The British Horse Society has learnt that yet another horse has died ofragwort poisoning.
Scirocco, a 16.1hh dark bay gelding belonging to Wendy Harrow of Llanelli, died earlier this month.
Vets treating the horse for liver damage didnot initially suspect ragwort poisoning, and by the time the staggering symptoms appeared, it was too late.
Mrs Harrow said: “It was devastating to watch Scirocco die. I would never want anyone to go through that. I could not believe it was ragwort poisoning as I have always kept our fields completely free of it. But this year I bought in hay from a different source, and the ragwort was in that.
“Blood tests show that my two other horses were also affected, but I amtreating them with NAFF Detox and Pink Powder and they are okay”.
Nichola Gregory, British Horse Society Ragwort Campaign co-ordinator, said: “We have been warning horse owners of the dangers of ragwort getting in to hay, and unfortunately we have been proved right. Inthis case the supplier said he was “70% sure” there was no ragwort in his hay.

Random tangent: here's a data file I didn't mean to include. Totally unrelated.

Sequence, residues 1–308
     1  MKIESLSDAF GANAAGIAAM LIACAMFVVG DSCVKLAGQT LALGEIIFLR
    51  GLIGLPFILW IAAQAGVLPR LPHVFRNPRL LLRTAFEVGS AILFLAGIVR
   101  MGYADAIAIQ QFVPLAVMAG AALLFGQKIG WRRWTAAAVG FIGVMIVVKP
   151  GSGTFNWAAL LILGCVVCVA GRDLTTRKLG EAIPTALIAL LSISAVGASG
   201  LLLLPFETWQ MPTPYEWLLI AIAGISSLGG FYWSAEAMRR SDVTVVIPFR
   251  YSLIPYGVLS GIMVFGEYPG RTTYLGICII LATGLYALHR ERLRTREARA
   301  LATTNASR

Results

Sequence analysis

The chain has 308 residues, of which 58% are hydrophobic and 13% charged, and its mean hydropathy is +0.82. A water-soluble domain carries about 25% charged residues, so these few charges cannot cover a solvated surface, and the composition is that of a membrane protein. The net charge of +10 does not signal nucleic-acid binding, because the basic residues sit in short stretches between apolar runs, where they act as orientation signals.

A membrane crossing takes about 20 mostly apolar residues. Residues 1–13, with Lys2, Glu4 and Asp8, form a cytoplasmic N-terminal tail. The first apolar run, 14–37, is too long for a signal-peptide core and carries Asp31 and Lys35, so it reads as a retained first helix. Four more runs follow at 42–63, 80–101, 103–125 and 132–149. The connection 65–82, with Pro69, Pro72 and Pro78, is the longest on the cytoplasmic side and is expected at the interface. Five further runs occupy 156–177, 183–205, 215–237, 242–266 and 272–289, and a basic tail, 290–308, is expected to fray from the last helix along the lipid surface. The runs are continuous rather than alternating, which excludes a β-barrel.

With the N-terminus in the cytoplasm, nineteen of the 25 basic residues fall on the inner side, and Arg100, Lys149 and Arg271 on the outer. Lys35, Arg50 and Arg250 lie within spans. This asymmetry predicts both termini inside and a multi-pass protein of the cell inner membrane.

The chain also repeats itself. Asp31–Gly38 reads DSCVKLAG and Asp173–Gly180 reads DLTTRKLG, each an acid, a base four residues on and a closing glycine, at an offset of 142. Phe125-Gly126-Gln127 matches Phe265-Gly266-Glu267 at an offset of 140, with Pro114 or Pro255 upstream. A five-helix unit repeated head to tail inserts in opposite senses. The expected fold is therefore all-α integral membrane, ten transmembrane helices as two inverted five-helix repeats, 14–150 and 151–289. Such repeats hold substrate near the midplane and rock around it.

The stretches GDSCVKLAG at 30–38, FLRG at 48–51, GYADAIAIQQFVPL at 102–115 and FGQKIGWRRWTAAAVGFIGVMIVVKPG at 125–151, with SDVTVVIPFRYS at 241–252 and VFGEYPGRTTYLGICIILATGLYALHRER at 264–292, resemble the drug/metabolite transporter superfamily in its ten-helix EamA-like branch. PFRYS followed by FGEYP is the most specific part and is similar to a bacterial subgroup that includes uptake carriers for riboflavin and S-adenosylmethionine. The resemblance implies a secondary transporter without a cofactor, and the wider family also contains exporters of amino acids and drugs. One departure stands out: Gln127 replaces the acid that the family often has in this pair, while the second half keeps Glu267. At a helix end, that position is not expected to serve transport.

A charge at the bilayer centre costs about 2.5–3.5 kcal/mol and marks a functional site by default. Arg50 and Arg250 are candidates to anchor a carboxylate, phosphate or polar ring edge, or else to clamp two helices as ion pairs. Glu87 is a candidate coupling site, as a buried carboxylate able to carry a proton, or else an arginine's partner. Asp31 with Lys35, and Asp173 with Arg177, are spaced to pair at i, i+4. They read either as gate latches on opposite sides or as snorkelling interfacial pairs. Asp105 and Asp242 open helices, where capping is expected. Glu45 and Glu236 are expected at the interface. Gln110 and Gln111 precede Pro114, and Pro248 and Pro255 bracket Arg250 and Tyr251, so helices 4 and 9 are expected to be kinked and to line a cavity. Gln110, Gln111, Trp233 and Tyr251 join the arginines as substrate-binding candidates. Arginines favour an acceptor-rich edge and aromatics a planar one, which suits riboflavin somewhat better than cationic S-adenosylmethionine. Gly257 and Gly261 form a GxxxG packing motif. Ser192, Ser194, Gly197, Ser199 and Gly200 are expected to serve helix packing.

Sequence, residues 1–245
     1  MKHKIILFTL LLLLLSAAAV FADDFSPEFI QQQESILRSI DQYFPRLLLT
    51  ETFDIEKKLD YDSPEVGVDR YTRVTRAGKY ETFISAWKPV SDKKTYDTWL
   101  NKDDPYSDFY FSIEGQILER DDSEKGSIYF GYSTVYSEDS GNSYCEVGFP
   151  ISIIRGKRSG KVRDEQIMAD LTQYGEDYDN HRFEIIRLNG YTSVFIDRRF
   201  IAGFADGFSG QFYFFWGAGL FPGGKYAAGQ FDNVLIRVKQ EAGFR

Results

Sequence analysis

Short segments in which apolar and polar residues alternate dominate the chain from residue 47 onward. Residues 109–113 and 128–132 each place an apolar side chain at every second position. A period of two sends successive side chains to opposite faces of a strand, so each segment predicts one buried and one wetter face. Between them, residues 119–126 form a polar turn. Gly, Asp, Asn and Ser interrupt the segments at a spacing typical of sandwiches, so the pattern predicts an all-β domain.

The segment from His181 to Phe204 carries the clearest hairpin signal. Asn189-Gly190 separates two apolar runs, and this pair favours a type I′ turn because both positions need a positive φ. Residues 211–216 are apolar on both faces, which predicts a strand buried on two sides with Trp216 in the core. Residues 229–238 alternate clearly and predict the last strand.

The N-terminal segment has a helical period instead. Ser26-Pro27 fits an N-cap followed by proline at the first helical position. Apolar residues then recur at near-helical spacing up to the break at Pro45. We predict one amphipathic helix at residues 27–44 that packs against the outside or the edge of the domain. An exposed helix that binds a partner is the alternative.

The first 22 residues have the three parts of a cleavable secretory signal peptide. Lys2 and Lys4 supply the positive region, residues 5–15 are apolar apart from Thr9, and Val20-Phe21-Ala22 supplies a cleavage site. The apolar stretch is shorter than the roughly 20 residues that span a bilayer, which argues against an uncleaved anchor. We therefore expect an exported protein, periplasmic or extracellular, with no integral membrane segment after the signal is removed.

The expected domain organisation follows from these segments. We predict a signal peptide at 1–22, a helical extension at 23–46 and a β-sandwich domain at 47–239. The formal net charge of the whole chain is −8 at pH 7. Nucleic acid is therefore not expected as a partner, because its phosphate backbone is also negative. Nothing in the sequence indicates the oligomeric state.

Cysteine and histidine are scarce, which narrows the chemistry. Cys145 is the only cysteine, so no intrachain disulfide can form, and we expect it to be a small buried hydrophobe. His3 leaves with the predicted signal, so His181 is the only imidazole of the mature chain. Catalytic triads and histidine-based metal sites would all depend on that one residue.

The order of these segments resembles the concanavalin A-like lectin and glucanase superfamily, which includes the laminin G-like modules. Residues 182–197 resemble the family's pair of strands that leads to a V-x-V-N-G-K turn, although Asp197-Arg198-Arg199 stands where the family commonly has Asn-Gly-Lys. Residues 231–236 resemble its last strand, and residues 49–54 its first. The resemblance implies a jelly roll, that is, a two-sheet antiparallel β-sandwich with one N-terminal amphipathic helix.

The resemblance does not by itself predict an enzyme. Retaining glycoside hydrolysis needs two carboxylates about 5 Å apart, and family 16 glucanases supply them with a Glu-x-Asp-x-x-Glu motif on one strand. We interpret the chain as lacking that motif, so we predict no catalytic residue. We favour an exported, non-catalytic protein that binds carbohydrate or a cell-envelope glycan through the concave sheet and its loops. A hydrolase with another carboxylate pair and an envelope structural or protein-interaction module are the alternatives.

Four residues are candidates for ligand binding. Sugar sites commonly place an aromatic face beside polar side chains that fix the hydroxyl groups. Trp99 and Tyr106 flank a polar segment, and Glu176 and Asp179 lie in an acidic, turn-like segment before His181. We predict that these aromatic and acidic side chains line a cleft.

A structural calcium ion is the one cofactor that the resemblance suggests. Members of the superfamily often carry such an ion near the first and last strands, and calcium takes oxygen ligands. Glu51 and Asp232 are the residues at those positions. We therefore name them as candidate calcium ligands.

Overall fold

“Horse owners need to be 100% sure that the forage they feed their animals is not going to poison them. If ragwort is found in hay, it should be reported to the Trading Standards Officer.”
Ragwort is poisonous to horses, cattle, donkeys and sheep. It is alsopoisonous to humans, so gloves should always be worn when pulling it.Ragwort should be dug up and destroyed as soon as it appears in the spring (called ‘the rosette’ stage). It can also be treated by spot spraying with Barrier H (an effective and environmentally-friendly herbicide), burning off with a paraffin weed burner, or dug out and salt put in the hole to kill any roots left behind.
The BHSRoot Out Ragwort Week (21-29 July) is aiming to raise awareness in the public of the dangers to livestock of ragwort poisoning.